Recent news that GM has pulled $10M out of investment in Facebook because it “has little impact on costumer car purchases” lends to more speculation of the company’s just launched IPO. That left me wondering in what world does GM marketers live in that they think social media has little impact?
The problem is not that Facebook (and it’s billion users) have little impact, but that whoever is managing GM’s advertising budget thinks it can play by broadcast and print rules despite our digital world. Something I like to compare to playing monopoly with chess pieces.
Let me explain:
As I’ve mentioned before in my entry about storytelling in the age of technology, digital — and particularly social media — has created a new set of rules for marketing and advertising. The passive ads that once worked well for print and broadcast media are unlikely to have the same results no matter how creative or brilliant they may be. For digital audiences, reading is not enough; they want to participate. Ads, banners and other intrusive tactics can’t compete with the on-going conversations digital media encourages.
In other words, digital is not just another medium; it’s a different way to interact, and that calls for robust narratives open to debate and interpretation. Advertising is transforming into content, capable of listening, talking, engaging and amusing.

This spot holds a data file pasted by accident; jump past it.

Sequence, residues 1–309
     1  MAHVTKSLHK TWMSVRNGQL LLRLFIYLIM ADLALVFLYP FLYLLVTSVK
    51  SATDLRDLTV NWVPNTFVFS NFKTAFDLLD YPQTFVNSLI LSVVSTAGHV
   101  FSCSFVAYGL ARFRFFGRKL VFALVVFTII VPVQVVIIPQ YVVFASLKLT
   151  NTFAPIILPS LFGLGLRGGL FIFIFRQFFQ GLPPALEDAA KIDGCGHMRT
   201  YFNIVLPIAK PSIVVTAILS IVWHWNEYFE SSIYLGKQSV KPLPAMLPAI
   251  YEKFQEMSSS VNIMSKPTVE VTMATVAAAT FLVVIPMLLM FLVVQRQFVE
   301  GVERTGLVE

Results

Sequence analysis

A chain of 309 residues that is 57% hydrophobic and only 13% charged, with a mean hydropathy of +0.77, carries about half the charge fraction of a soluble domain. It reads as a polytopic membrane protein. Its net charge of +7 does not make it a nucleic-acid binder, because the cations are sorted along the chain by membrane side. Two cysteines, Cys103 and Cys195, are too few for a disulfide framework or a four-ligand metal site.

Not only have the pieces of the game changed, so have the rules. A winning strategy used to be guaranteed with a deep pocket. The old equation: cost per impact, frequency, and reach were set in stone and ensured to corner an audience. Today the strategy is less numerical and more analytical. Every move produces data, and it is in how a company uses this information that determines its success.
But not all companies are confused by this new world. Just look at this new ad, Coca Cola content 2012 video, that shows how the brand continues to top it’s game by understanding the rules of the digital arena.
In the meantime, at our agency, we have spent the past three years reinventing ourselves. Combining the best of both worlds, using strategic pieces, such as robust branding stories and accurate direct conversations, to play in the everyday changing gameboard of digital and social media. And we find this quite exciting.
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